Fruit that doesn’t spoil? Scientists create protective coating to increase produce shelf life

HOUSTON — Your strawberries might start coming with some extra protein soon! Rice University materials scientist Muhammad Rahman has won a Partnerships for Innovation-Technology Translation award from the National Science Foundation to develop a sustainable, low-cost, egg-based coating to extend the shelf life of fruit and vegetables — with the ultimate goal of improving healthy food access.

“The goal of this project is to develop an eco-friendly, biodegradable, protein-based nanocomposite coating that can be applied to the surface of variously shaped fruits and vegetables,” says Rahman, a Rice assistant research professor in materials science and nanoengineering, in a university release. “The coating will extend shelf life by reducing produce spoilage, dehydration and microbial growth rates.”

The project expands on previous research from Rahman studying the use of egg-based coatings on perishable fruits. That 2020 study showed the product doubled the shelf life of bananas and other fruit. The findings were so strong that in 2021, he and his team member Pulickel Ajayan won the Sustainable Technologies/Future Energy category in the Tech Briefs Create the Future competition. Now, after winning the award from the National Science Foundation, the coating can reach new heights.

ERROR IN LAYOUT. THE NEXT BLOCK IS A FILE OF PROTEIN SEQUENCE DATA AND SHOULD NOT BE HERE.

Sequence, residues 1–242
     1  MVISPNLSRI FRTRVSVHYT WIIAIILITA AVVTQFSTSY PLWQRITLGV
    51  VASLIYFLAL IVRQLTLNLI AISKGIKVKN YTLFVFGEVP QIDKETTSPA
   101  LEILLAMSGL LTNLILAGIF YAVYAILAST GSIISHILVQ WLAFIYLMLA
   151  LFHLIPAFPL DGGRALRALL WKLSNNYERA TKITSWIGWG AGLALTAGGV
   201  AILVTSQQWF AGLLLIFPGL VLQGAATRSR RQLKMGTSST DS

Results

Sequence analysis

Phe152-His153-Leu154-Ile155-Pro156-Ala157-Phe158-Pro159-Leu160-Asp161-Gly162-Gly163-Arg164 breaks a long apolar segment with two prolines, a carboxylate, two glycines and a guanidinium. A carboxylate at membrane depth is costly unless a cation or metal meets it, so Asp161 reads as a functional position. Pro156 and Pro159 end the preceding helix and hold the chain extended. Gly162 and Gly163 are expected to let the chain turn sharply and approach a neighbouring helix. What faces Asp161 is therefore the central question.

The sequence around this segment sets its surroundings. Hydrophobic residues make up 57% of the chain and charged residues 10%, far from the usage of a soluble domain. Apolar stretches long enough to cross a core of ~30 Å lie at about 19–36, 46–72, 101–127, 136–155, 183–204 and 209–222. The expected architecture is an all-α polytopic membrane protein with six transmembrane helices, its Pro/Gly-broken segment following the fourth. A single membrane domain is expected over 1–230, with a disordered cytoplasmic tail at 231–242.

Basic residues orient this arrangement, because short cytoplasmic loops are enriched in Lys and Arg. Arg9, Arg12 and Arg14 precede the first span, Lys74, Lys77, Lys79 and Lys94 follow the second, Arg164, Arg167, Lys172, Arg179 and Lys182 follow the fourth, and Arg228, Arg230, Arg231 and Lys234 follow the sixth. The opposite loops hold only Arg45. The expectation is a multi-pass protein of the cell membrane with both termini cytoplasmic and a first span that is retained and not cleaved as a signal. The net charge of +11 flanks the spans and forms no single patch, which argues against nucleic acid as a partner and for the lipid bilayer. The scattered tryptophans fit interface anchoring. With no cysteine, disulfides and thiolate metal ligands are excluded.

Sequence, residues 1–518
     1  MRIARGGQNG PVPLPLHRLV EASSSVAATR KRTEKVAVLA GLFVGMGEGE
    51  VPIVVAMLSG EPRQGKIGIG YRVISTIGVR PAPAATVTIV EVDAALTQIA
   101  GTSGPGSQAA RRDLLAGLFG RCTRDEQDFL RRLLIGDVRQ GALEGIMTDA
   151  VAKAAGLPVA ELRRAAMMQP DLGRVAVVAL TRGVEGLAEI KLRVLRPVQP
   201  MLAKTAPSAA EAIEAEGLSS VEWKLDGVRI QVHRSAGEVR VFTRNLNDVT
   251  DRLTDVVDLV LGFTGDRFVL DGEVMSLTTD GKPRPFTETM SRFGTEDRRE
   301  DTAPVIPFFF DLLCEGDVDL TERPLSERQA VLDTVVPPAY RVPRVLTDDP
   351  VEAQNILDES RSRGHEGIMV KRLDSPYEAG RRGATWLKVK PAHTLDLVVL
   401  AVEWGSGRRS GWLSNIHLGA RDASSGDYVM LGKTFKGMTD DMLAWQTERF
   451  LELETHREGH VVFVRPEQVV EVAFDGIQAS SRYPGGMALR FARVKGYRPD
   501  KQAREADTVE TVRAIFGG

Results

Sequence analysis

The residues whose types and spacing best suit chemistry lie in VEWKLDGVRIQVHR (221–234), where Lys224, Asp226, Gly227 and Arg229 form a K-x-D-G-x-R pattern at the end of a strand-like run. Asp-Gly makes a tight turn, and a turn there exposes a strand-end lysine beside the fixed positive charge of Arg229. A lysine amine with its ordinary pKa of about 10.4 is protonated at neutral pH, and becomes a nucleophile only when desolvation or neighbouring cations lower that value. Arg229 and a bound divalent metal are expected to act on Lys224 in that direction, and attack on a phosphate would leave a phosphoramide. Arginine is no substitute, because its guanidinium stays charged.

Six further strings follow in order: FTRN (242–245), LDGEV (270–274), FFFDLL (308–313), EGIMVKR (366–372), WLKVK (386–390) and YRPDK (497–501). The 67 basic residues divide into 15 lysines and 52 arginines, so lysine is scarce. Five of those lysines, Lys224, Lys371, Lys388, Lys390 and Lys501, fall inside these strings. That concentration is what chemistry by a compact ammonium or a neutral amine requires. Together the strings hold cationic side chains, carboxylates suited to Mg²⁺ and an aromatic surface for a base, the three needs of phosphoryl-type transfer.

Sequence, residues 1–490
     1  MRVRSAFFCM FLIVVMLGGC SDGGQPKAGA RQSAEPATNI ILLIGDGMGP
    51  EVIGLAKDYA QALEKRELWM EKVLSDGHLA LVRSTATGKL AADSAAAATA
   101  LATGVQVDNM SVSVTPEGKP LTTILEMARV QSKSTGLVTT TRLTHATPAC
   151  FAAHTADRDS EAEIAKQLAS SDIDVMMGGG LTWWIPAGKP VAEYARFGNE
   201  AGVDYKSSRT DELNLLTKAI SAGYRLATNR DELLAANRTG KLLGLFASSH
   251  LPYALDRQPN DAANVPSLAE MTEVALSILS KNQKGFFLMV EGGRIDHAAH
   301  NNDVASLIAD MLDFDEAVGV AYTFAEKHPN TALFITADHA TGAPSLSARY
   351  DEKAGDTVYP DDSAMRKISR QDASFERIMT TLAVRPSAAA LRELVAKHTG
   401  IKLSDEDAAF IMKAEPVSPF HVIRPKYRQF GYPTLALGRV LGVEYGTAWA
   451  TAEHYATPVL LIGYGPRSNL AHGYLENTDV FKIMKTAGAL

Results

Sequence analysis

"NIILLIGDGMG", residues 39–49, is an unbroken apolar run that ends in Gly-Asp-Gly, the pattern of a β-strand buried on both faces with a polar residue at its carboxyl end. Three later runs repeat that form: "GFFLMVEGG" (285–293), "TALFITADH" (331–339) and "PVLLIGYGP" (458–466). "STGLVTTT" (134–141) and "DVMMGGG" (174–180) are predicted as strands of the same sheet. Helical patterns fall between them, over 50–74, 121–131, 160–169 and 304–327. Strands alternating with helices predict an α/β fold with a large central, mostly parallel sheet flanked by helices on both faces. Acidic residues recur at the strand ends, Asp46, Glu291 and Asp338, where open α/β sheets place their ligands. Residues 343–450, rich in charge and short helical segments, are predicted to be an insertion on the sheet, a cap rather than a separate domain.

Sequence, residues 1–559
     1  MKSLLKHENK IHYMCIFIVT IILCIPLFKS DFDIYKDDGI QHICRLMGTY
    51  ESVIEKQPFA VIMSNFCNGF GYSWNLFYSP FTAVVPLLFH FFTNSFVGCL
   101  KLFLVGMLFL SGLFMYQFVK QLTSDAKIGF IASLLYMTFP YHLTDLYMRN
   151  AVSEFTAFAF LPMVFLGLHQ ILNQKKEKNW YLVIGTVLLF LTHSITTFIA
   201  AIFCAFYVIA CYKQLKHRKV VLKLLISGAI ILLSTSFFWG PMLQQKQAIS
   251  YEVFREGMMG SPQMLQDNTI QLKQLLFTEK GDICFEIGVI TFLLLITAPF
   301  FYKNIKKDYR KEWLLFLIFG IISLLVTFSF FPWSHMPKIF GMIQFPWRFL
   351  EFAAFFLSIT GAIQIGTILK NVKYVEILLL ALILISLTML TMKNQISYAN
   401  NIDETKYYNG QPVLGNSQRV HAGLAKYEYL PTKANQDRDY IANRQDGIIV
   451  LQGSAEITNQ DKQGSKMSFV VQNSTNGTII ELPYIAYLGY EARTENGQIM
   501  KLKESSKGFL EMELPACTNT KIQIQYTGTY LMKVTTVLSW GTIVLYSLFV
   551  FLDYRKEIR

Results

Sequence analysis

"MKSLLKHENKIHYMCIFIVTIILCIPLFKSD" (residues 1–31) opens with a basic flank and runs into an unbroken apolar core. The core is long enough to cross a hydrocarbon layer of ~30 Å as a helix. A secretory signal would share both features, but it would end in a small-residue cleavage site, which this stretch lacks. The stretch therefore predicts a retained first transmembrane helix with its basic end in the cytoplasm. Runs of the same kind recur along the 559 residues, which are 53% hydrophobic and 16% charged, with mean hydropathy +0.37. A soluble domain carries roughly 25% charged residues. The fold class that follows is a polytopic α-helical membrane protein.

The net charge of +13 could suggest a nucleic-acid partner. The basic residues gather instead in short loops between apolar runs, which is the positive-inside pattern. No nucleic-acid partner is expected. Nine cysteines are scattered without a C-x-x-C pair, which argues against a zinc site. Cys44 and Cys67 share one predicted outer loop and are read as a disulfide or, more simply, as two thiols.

“This award will allow me to move this project from lab- to pilot-scale. Food-coating practices currently rely on waxes, and a protein-based coating could really be a game-changer. I think Rice is a great place to be if you’re trying to build bridges between what happens in the lab and real-world applications.”

grocery produce food
(Credit: NeONBRAND on Unsplash)

The coating may save the planet from food waste and global warming

Fruits and veggies spoil very quickly, quicker than any other food in fact. According to the U.S. Department of Agriculture, over half of all produce ends up in a trash bin. Taking things further, in 2010, officials estimated that each person generates roughly 200 pounds of food waste every year. In total, that’s worth over $160 billion.

Food waste is a detriment to the environment too, releasing a significant amount of greenhouse gas emissions into the atmosphere. The Environment Protection Agency released a report in 2021 estimating that the carbon emissions released from food waste and loss in the United States every year are equivalent to around 18 percent of the amount of yearly emissions from American power plants.

“The broader hope for this project is to improve the food industry carbon footprint and sustainability,” concludes Rahman. “I strive to align my research with the challenges of this critical, historic moment that confronts us with the urgent need to address anthropogenic climate change and find real-world solutions for a more sustainable future.”

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